What is Microsoft HoloLens?
First of all, what is it? In the words of its creators: “Microsoft HoloLens is the first fully untethered, see-through holographic computer. It enables high-definition holograms to come to life in your world, seamlessly integrating with your physical places, spaces, and things.”
According to Microsoft, holograms are made of light and can be viewed from different angles and distances. Augmented reality differs in that users see a layer of data over the real world. Virtual reality differs in that users completely enter a computer-generated world. Instead, the HoloLens “mixed reality” allows users to experience the digital objects around you while staying connected to the real world.
TThink of the animated Disney classic Who Framed Roger Rabbit? and its mix of animation and reality. Now mix that with the hologram technology Tony Stark uses in The Avengers and Iron Man movies. HoloLens isn’t quite that advanced, but that will give you an idea of how Microsoft wants the technology to be implemented and used in the long run.
What’s Holding It Back?
Understandably, there’s a lot of excitement around this technology and the possibilities it offers. However, there are still some obstacles that will keep it from landing on every CAD designer’s desk, let alone in every consumer’s home, in the near future:
- The need for a headset: HoloLens requires a headset. Granted, the headset is wireless and the only piece of hardware, but it’s also bulky and cumbersome. Consumers especially haven’t appeared to be too keen on having to wear any kind of headsets. 3D TVs have had a hard time gaining traction and the glasses are a big reason. Google Glass may have come the farthest in consumer interest and excitement, yet that has been discontinued (or has it…)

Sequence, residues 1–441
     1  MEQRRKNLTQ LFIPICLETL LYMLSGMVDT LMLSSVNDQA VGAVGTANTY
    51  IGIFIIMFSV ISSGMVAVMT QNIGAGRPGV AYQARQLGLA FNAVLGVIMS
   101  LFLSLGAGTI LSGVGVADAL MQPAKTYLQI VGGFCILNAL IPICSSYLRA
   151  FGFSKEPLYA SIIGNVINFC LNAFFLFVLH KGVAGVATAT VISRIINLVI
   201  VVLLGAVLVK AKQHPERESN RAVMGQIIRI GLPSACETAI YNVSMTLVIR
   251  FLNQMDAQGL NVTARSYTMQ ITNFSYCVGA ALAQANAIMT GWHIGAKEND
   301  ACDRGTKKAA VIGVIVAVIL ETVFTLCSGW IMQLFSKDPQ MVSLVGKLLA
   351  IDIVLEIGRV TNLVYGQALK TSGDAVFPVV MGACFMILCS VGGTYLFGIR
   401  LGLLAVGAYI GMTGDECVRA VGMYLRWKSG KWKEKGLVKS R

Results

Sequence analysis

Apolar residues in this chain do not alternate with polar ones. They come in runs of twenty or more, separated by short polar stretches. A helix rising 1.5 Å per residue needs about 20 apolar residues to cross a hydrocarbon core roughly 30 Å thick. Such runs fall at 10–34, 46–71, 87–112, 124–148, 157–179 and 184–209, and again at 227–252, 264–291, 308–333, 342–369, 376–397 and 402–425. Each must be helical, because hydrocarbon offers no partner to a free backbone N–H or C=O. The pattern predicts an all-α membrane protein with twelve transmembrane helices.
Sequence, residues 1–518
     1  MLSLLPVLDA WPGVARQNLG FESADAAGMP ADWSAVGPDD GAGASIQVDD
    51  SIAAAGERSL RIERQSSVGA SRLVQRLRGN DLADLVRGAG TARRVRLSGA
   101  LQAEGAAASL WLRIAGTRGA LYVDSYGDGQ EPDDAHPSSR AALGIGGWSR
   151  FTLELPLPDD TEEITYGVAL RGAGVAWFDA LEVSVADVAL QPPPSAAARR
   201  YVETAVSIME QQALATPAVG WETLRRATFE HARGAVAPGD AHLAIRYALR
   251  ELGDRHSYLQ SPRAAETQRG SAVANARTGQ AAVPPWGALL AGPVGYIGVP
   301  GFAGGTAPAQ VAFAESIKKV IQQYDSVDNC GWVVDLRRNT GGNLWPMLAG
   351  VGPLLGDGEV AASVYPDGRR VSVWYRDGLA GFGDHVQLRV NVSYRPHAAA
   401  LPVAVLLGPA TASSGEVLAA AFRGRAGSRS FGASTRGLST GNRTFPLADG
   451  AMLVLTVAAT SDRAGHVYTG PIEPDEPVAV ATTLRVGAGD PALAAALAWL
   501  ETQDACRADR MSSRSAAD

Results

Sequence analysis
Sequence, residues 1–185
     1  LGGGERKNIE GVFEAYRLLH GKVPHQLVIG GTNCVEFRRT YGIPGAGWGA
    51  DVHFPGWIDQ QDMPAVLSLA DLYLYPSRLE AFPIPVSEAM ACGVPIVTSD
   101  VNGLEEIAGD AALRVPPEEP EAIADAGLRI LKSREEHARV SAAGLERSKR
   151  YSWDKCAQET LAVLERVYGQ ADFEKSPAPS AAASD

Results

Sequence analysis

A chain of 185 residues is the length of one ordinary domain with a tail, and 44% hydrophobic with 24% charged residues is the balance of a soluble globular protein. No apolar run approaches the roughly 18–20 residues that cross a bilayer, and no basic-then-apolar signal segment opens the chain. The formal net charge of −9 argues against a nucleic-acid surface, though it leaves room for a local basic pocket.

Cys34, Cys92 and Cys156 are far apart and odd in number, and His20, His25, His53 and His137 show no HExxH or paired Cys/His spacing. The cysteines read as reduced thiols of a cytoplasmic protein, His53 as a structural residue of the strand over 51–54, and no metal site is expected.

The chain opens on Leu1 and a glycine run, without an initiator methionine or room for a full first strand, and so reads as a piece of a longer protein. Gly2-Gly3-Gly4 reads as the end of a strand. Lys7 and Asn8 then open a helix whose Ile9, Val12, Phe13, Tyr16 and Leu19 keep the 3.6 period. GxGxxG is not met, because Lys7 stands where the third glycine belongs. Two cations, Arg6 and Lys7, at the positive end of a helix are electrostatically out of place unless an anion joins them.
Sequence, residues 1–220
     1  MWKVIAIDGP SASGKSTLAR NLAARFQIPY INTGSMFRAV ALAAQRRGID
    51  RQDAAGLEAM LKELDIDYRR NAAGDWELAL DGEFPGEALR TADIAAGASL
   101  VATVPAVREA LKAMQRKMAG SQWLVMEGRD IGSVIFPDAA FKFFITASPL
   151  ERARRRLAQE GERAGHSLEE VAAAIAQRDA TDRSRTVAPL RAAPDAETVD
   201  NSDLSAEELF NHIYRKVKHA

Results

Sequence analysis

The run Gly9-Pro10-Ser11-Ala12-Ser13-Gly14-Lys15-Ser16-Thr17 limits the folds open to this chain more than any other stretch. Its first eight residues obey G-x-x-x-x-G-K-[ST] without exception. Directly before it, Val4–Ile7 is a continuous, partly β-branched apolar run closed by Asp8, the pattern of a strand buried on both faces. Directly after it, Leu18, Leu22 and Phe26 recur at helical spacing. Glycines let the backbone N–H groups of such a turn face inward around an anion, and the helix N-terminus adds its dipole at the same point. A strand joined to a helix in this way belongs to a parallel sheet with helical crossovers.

- Existing programs and apps: Even though it’s on Windows 10, programs and apps will need to be updated and modified to realize the full potential of HoloLens.
- Enterprise customers: Enterprise customers are historically slow to adopt new technologies.
Where the HoloLens Shines
Having said that, there are some excellent uses for HoloLens that should make it a strong tool for designers to add to their current set of tools. The holographic objects offers vantage points that might not be available on a computer screen. Being able to place a hologram of a specific part on a complete model may give insight to needed size adjustments or other modifications.
Collaboration and Prototyping
Collaboration from anywhere in the world takes on a whole new level of sophistication. Presenting and reviewing designs becomes a lot easier when all are looking at a holographic image and are able to tweak and adjust in real time.
Or, brainstorm ideas on multiple whiteboards that you can “hang” up for everyone to see. Prototyping becomes faster and easier as teams can create a hologram image of their design, offer feedback and send to a 3D printer right from the HoloLens.
Step into the gaming world by creating a full game board or environment in your home. HoloLens will give you ability to do just that and they gave a basic demonstration at their launch event.
When can we get our hands on the Microsoft HoloLens? There hasn’t been any definite word on when it will be available and for what price. Based on comments from CEO Satya Nadella with BBC Click, Microsoft sees the HoloLens as a five-year journey with developer and enterprise access before it becomes available to the public. There is speculation that the first version may be available around July 2016. Comments on Quora predict the pricing to be anywhere from $500 to $1,500 USD.
Overall, Microsoft HoloLens definitely is moving forward with holographic technology and “mixed reality.” It looks to have real forward-thinking advances for reviewing designs, upgrading levels of collaboration and presenting in new ways. However, when it comes to CAD design itself, your best and most accessible tools are the 3D mouse and CadMouse.
Discover the Comfort of the Two-Handed Workflow
Adding a 3D mouse and CadMouse to your desktop setup introduces a balanced and co-operative two-handed workflow that results in significantly less movement and clicking of the “regular” mouse. The outcome? Reduced pain, improved comfort and increased productivity.
Learn more about these tools and the benefits of the two-handed workflow by downloading The CAD Comfort Manual.
Image Source: Microsoft HoloLens via Microsoft